Risk of power cuts: Over the weekend, the Meteorological Office issued a number of yellow weather alerts across the country. As well as warning of widespread thunderstorms, the Met Office warning highlighted that heavy showers were expected to cause difficult driving conditions, power cuts and flooding. 

Research carried out by UK Power, in August 2023, highlighted that power outages are something that the UK public is becoming increasingly familiar with. Whether caused by adverse weather, high energy demand, or failures within the electricity network, the data revealed that two-thirds of respondents had experienced a power cut in their local area, 23% experienced power cuts annually, and 4% experienced a loss of power every two to three weeks. The survey results also showed that power cuts last up to two and a half hours on average across the UK. 

The frequency and longevity of these incidents means the impact on households is undeniable – ranging from lack of phone and internet use, to being unable to use other electrical appliances, or losing food stored in freezers. For businesses operating in the affected areas, power outages can result in a loss of data, lost production and productivity, damage to sensitive machinery and equipment, lost sales, missed deadlines, and reputational damage.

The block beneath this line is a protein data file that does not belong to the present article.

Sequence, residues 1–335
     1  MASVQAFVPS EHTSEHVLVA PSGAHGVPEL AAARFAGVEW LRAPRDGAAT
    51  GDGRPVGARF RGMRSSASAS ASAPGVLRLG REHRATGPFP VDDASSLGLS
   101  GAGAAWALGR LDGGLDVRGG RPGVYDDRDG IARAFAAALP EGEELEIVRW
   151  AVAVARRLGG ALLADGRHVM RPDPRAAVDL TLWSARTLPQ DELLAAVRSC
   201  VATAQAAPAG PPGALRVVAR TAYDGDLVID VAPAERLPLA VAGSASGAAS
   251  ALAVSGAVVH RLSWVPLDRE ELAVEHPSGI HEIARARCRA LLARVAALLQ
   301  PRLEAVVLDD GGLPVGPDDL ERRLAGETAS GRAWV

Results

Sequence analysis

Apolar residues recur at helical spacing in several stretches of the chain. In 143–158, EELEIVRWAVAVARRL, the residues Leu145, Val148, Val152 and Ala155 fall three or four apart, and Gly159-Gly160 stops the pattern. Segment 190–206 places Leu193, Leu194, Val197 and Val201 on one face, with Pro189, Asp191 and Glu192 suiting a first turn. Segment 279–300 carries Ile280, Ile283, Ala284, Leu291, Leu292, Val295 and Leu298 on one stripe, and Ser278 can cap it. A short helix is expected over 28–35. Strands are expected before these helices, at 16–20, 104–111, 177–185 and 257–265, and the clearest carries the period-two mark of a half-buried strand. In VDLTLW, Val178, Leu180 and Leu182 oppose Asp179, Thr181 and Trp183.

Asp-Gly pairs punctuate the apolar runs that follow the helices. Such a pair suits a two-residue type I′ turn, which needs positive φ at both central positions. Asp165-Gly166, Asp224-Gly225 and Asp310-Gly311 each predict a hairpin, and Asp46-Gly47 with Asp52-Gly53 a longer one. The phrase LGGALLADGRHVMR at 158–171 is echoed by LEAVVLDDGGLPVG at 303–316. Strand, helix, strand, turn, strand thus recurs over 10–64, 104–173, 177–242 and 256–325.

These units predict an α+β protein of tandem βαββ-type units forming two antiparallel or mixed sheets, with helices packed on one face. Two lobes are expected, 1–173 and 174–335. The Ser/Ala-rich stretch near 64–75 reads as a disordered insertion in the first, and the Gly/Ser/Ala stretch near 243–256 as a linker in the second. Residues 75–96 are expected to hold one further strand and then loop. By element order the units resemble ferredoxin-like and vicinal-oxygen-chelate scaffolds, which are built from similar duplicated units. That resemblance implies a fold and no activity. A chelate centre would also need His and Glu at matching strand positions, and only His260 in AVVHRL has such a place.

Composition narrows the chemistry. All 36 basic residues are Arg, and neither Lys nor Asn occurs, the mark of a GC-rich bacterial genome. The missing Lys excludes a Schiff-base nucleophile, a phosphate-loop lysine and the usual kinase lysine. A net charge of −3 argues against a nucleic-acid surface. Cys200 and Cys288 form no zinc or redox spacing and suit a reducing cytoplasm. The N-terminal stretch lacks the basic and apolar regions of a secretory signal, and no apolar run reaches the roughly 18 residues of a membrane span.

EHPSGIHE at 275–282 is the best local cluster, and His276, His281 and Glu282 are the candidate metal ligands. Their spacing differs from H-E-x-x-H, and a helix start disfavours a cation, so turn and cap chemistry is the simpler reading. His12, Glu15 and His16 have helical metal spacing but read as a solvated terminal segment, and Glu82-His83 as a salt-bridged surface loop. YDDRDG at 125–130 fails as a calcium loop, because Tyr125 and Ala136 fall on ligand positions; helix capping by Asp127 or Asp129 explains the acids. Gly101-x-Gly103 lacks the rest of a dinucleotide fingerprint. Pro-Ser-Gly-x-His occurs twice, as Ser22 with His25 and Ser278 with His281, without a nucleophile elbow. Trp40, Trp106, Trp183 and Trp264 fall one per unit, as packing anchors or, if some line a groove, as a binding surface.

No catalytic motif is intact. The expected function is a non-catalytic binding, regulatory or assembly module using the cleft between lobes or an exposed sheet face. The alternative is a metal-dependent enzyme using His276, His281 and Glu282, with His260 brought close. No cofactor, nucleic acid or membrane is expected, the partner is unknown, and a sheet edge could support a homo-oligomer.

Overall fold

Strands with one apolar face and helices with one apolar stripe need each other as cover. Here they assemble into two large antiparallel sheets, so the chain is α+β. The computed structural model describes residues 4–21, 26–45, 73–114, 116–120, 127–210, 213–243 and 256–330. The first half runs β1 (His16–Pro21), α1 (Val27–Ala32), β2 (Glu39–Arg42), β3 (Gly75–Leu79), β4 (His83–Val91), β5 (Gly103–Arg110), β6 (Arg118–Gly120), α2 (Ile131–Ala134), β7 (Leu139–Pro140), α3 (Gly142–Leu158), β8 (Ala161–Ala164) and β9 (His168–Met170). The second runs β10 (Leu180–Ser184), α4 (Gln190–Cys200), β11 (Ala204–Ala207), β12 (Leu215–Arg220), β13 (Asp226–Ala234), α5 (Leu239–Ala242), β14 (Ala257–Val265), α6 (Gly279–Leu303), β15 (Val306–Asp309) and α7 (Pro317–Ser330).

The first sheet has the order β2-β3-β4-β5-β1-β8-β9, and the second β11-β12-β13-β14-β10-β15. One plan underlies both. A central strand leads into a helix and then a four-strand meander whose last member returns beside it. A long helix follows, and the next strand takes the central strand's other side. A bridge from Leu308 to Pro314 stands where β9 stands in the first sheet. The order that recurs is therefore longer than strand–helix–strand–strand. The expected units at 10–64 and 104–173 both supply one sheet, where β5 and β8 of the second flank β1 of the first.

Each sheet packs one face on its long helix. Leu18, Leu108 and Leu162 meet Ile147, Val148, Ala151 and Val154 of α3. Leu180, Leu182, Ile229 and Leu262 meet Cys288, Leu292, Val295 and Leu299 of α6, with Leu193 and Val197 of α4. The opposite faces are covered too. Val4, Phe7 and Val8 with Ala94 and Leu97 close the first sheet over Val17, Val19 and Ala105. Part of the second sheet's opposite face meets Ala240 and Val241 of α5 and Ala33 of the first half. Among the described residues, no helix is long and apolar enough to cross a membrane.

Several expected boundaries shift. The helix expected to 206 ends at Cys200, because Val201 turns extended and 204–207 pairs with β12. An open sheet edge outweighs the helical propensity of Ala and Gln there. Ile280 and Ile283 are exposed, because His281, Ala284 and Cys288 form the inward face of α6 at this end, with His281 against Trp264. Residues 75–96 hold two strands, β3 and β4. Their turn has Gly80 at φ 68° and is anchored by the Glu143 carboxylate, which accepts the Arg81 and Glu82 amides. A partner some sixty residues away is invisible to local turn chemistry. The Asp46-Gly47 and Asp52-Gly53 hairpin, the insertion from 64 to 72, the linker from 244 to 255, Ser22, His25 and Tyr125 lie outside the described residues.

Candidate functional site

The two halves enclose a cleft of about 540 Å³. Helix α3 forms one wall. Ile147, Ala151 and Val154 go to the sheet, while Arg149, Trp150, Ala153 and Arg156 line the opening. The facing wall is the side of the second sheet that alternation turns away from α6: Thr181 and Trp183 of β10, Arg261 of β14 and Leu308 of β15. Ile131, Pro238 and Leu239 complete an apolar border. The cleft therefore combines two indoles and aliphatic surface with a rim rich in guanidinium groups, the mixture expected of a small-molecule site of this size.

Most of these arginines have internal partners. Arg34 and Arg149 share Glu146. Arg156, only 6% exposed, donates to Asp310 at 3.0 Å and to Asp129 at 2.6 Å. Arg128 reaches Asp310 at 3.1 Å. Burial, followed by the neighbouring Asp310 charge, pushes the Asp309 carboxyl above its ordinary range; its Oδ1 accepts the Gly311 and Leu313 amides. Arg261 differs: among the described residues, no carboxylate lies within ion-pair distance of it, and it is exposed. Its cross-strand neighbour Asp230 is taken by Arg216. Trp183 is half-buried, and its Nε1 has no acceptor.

During the 2023/34 storms season, which runs from September ‘23  to August ‘24, the UK has already seen a number of named storms –  Agnes, Babet, Ciarán, Debi, Elin, Fergus and Gerrit in 2023, Henk, Isha and Jocelyn in Jan ‘24, and Kathleen in April. A storm will be named when it has the potential to cause disruption or damage which could result in an amber or red warning – both of which include the risk of power cuts. This weekend – the impact was widespread – with power cuts reported from Great Yarmouth to Weymouth. In Ruthin, a town in South Wales, an outage caused the Tesco store to lose thousands of pounds worth of stock. 

Paul Brickman, from Crestchic loadbanks, explains, “Even the briefest of power outages can have a catastrophic impact on businesses of all sizes. The UK is becoming more dependent on electricity, and networks, processes and value chains are becoming increasingly complex and interdependent. Add extreme weather events and the changing energy landscape into the mix, and having a power resilience plan is fast becoming a business necessity.” 

To reduce both the risk and impact of outages, Paul and the Crestchic team recommend that businesses have backup power systems in place – and that they regularly test these power systems to ensure that they will work effectively should an outage occur. 

Paul continues “A good testing regime involves using a loadbank to commission and test backup power systems. In the case of a generator, a loadbank should be used to apply a load to the equipment in controlled, non-emergency conditions. Doing this means we can test how the generator – and its fuel, exhaust, and cooling systems – will respond under emergency conditions. This is the only way to ensure that your business can continue to operate in the event of a power cut. And, with the frequency of outages on the rise, businesses should heed the warning, and ensure their backup power systems are in place, and working efficiently”. 

For more information on how to reduce the impact of power outages on your business operations, speak to our team.